Answer:

The standard value of passenger time in the HMCE tool is pre-set at $15.58 per hour. Consistent with FEMA and DOT guidance, this represents one half of the average national wage, as reported by the Bureau of Labor Statistics. The value allows the HMCE tool to evaluate the benefits of avoided service outages or alternative services, as well as the cost of outages associated with project implementation.Applicants have three options for this value:
Use the standard value in the tool of $15.58 per hour, reflecting 50 percent of the national average wage rate.
Adjust the value to account for regional differences, using regional wage information reported by the Bureau of Labor Statistics.
Based on an analysis of the September 2013 BLS report “Employer Costs for Employee Compensation &mdash September 2013”, Historical Listings through September 2013, and National Compensation Survey data from 2010-2011 for applicable Census regions and combined statistical areas (CSAs, i.e. adjacent metropolitan areas), comparing regional average wage values to the regional average private industry wages resulted in the following adjustments:
Regional:
New England (CT, RI, MA, ME, NH, VT): $18.38 per hour
Mid-Atlantic (NY, NJ, PA): $17.59 per hour
South-Atlantic (MD, DC, DE, VA, NC, etc.): $14.38 per hour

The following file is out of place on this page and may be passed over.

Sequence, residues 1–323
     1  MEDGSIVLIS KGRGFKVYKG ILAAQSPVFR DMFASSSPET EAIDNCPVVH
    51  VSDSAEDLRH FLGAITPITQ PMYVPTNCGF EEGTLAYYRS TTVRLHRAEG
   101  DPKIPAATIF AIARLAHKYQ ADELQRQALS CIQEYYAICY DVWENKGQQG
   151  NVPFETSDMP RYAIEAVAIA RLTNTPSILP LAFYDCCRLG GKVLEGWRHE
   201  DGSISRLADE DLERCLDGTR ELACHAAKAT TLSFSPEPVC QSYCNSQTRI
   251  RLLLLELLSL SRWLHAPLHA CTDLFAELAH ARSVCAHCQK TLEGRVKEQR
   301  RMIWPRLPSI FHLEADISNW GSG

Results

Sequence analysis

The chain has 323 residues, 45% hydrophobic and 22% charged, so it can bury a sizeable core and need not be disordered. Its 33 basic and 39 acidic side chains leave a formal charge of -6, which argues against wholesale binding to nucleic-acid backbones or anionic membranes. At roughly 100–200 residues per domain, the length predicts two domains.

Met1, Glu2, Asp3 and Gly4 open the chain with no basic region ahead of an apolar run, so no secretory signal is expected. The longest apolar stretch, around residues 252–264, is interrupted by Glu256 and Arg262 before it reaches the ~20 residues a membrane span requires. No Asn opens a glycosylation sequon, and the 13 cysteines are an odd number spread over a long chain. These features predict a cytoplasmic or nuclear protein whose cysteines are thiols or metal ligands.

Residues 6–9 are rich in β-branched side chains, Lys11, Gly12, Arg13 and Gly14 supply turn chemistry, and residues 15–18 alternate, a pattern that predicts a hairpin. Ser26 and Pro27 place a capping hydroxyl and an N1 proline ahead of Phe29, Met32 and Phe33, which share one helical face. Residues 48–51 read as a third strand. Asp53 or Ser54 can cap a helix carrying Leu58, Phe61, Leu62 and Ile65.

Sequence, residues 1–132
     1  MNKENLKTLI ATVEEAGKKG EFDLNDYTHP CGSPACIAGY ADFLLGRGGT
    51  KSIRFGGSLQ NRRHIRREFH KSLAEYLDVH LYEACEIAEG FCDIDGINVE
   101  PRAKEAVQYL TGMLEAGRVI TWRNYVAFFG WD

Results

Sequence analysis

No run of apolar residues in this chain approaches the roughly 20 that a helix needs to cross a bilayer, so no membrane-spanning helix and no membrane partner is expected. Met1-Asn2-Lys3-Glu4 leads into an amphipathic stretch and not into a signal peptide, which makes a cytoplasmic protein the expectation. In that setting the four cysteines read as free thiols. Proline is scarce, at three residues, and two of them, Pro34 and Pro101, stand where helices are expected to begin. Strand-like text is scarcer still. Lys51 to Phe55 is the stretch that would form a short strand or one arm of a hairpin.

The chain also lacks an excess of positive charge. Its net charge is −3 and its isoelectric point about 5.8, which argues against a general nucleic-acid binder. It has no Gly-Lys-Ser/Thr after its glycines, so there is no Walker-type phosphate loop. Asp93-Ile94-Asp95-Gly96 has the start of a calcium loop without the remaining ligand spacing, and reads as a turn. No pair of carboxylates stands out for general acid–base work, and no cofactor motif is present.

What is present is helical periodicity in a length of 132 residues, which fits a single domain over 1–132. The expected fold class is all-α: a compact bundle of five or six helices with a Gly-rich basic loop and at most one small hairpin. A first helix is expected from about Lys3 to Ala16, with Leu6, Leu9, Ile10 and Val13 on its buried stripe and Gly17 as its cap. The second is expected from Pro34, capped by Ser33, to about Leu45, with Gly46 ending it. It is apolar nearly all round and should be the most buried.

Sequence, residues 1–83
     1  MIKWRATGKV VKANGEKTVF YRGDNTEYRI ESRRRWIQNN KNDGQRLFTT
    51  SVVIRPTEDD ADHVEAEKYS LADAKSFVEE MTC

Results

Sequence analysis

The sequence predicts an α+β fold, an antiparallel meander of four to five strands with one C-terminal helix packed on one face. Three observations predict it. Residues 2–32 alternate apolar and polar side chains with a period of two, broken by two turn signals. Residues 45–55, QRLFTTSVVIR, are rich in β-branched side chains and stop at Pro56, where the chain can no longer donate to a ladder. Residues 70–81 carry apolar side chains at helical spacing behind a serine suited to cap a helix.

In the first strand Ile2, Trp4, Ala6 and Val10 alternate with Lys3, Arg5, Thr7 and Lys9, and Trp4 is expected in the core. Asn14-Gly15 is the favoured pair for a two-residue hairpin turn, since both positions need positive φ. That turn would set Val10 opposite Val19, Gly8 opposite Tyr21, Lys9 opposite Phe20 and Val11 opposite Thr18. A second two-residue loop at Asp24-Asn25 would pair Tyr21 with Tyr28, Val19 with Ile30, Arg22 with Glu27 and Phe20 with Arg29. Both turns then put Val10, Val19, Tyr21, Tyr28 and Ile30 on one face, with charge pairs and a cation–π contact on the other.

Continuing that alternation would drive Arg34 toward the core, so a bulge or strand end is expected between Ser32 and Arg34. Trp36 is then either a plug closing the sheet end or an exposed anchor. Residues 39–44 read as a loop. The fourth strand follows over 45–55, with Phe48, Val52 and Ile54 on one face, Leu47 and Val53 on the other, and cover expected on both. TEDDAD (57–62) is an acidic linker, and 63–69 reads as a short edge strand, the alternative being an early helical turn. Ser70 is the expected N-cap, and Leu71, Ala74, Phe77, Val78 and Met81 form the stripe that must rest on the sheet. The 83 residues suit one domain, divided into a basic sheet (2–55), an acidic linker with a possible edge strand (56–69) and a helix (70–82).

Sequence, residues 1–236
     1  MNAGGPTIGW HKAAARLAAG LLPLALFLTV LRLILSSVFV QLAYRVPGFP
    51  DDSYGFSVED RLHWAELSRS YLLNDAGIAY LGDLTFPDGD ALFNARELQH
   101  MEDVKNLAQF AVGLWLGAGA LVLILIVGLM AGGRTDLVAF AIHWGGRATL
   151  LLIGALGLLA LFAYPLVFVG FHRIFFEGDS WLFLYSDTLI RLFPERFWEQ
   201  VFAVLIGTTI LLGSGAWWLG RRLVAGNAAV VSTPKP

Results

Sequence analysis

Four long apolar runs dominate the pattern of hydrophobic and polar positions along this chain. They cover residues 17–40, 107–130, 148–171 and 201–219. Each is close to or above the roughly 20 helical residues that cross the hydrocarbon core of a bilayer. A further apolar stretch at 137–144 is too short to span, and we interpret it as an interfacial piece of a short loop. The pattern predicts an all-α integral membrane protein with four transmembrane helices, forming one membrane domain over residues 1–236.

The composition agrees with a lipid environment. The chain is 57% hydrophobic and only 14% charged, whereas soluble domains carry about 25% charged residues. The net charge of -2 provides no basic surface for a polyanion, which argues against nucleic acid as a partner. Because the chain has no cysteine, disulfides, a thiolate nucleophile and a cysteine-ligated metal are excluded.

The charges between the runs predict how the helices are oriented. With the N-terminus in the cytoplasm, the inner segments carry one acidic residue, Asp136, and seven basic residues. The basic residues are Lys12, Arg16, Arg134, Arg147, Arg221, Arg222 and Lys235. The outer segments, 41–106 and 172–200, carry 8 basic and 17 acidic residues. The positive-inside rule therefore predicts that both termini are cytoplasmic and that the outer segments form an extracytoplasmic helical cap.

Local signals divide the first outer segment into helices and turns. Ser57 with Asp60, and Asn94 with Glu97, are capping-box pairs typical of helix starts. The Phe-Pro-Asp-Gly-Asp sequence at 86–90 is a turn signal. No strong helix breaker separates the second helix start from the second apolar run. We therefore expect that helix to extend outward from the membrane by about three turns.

Combined Statistical Areas
Boston-Worcester-Manchester (RI, MA, NH) CSA: $18.80 per hour
New York-Newark-Bridgeport Mid-Atlantic (NY-NJ-CT) CSA: $19.40 per hour
Philadelphia-Camden-Vineyard (PA-NJ-DE-MD) CSA: $17.86 per hour
Washington-Baltimore-Northern Virginia (DC-MD-VA-WV) CSA: $18.25 per hour
Adjust the value to account for regional differences as follows: Calculate one half of the average household income for the applicant’s service area, or for all public transportation users in the applicant’s service area, divided by the average household size for the population used.

Regardless of the approach selected, the same value must be used in all proposals submitted by a single applicant. If an applicant intends to use the third option, additional backup documentation is required, including copies of the applicable census tables, the calculations used, and a brief statement of why one of the other two options is not accurate or sufficient for the analysis. Other alternative approaches are not recommended.

Answer:

It depends upon the size of the vans.